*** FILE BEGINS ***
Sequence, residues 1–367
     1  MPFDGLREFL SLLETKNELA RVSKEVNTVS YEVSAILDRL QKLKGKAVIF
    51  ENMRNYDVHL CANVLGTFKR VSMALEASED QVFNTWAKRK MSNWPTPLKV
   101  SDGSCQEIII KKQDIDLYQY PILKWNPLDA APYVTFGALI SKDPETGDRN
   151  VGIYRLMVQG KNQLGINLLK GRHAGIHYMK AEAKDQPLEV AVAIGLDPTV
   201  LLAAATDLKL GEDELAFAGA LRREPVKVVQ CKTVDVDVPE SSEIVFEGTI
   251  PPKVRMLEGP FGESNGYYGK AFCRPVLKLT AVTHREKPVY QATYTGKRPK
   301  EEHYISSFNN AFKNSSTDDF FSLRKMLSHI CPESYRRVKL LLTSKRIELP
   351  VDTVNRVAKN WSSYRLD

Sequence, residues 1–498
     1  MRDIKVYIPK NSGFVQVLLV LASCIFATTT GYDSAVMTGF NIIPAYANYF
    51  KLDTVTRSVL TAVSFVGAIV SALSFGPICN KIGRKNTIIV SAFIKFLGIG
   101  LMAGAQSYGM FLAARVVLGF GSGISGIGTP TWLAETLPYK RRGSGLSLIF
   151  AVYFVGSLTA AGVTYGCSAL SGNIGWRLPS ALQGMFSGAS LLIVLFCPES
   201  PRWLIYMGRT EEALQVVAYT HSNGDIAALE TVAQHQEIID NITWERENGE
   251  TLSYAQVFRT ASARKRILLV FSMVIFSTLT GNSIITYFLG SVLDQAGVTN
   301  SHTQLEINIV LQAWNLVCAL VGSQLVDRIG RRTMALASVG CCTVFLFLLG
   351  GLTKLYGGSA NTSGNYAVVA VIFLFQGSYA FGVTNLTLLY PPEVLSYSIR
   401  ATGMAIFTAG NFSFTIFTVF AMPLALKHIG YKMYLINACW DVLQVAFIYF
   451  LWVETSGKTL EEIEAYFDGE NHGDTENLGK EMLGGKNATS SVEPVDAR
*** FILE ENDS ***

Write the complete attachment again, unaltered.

Sequence, residues 1–367
     1  MPFDGLREFL SLLETKNELA RVSKEVNTVS YEVSAILDRL QKLKGKAVIF
    51  ENMRNYDVHL CANVLGTFKR VSMALEASED QVFNTWAKRK MSNWPTPLKV
   101  SDGSCQEIII KKQDIDLYQY PILKWNPLDA APYVTFGALI SKDPETGDRN
   151  VGIYRLMVQG KNQLGINLLK GRHAGIHYMK AEAKDQPLEV AVAIGLDPTV
   201  LLAAATDLKL GEDELAFAGA LRREPVKVVQ CKTVDVDVPE SSEIVFEGTI
   251  PPKVRMLEGP FGESNGYYGK AFCRPVLKLT AVTHREKPVY QATYTGKRPK
   301  EEHYISSFNN AFKNSSTDDF FSLRKMLSHI CPESYRRVKL LLTSKRIELP
   351  VDTVNRVAKN WSSYRLD

Sequence, residues 1–498
     1  MRDIKVYIPK NSGFVQVLLV LASCIFATTT GYDSAVMTGF NIIPAYANYF
    51  KLDTVTRSVL TAVSFVGAIV SALSFGPICN KIGRKNTIIV SAFIKFLGIG
   101  LMAGAQSYGM FLAARVVLGF GSGISGIGTP TWLAETLPYK RRGSGLSLIF
   151  AVYFVGSLTA AGVTYGCSAL SGNIGWRLPS ALQGMFSGAS LLIVLFCPES
   201  PRWLIYMGRT EEALQVVAYT HSNGDIAALE TVAQHQEIID NITWERENGE
   251  TLSYAQVFRT ASARKRILLV FSMVIFSTLT GNSIITYFLG SVLDQAGVTN
   301  SHTQLEINIV LQAWNLVCAL VGSQLVDRIG RRTMALASVG CCTVFLFLLG
   351  GLTKLYGGSA NTSGNYAVVA VIFLFQGSYA FGVTNLTLLY PPEVLSYSIR
   401  ATGMAIFTAG NFSFTIFTVF AMPLALKHIG YKMYLINACW DVLQVAFIYF
   451  LWVETSGKTL EEIEAYFDGE NHGDTENLGK EMLGGKNATS SVEPVDAR